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Volume 40 Issue 10 • July 8-14, 2010
now in our 40th season

So Fresh

by Jenn Farmer
Chef, Bartlett’s Ocean View Farm 

I have the best job in the world!    Ok maybe not the best, but for me it is pretty close.  First I get to play with knives and fire all day long, and not get into trouble for it!  Second, I get to cook food that is as fresh as it gets.  It is grown and picked right where I work and I live!   What a rare and beautiful thing in this age of commercial production.   Right now is especially great, since the fields and greenhouses are bountiful, and this year the produce has been hands-down some of the best I have ever seen.  The broccoli is beautiful, summer squash plump and tender, beets sweet and flavorful.  All the lettuces, tomatoes, carrots, peas, cucumbers, herbs, and lettuces are so perfect!  It makes it easy create beautiful and delicious food.  In fact I am so inspired by all the produce, I have a tough time creating all the recipes I want to make.

The kitchen staff (and market too) takes the produce very seriously.  Frequently we will hear a whoop of joy from the delivery dock as our Executive Chef sprints down the hallway leading to the kitchen, cradling the first patty pan squash of the season or the first crate of beets.  It is not unusual to see one of us gently hugging gigantic bags of freshly picked basil, still warm from the sun, with a look of bliss.  You would think it was a guilty pleasure when the fresh herbs come in.  On holidays, I am one of the annoying people when unwrapping gifts gingerly, tries to save the paper. But at work when the bags of fresh herbs come in, I tear the bag immediately to savor what is inside.  Mint, chives, lemon thyme, basil, and parsley if it is especially beautiful that day the bundle of herbs is passed around, and admired by several of us, not unlike some precious gem, or rare work of art.  Not to mention aromatherapy at its finest!

The unsung heroes in this story are all the field and greenhouse workers, and their managers.  Many people don’t realize the long hours of planning that goes into growing the foods we eat.  Managing the crops and field planning is a year round event.  Crop rotations planned, and planting schedules created (many crops need to be planted repeatedly so that the summer bounty continues for more than a few days).  Seeds need to be ordered, machinery fixed or maintained.  Just when one thinks they have a handle on things, the weather may take a turn, or worse, machinery may break down.  This is only a fraction of the issues they need to deal with daily.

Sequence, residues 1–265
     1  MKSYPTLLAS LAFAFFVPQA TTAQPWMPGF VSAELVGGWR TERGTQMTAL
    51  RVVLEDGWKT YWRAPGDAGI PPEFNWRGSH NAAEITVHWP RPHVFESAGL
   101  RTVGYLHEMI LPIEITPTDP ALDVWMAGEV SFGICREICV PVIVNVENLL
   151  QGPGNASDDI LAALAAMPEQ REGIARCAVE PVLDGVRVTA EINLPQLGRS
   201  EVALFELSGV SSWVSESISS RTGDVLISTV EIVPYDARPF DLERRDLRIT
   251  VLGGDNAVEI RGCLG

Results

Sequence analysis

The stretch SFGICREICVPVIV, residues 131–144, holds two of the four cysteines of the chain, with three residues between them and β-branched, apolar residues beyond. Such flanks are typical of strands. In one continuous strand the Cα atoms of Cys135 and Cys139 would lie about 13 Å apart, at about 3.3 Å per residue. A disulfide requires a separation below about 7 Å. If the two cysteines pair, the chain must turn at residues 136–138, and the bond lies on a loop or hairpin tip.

The field and greenhouse employees are also amazing.  They work from early the morning until late in the evening, doing tedious, and often, physical labor.  They are out planting or picking in every type of weather.  In the spring it is often damp, cold, and muddy.  In the summer it can be scorching hot and absurdly humid.  Incredibly, every time I see any of them, they have big genuine smiles on their faces.  I have the utmost respect for, and feel fortunate to work with such an amazing group of people!    I also have great admiration for the time, effort and energy it takes to create that one perfect tomato, or zucchini. 

The beets have been one of my favorite things to eat this year; I love the brilliant colors, and earthy flavor.  Beets are delicious roasted, but when it is hot outside, I like to boil them.  Using a little white wine vinegar to the poaching water helps the beets retain their brilliant color.  Apparently Chardonnay vinegar works the best according to my co-chef.  Thanks for the tip Neil!  Here is a recipe I threw together yesterday at work, and it was delicious.  The addition of tarragon was the suggestion of our charcutier, and she was right, it made this dish go from good to great!  If you can, select similar sized beets, so they cook evenly.  Also be aware that beets do stain—remember to wear gloves and to protect your clothes and any white countertops.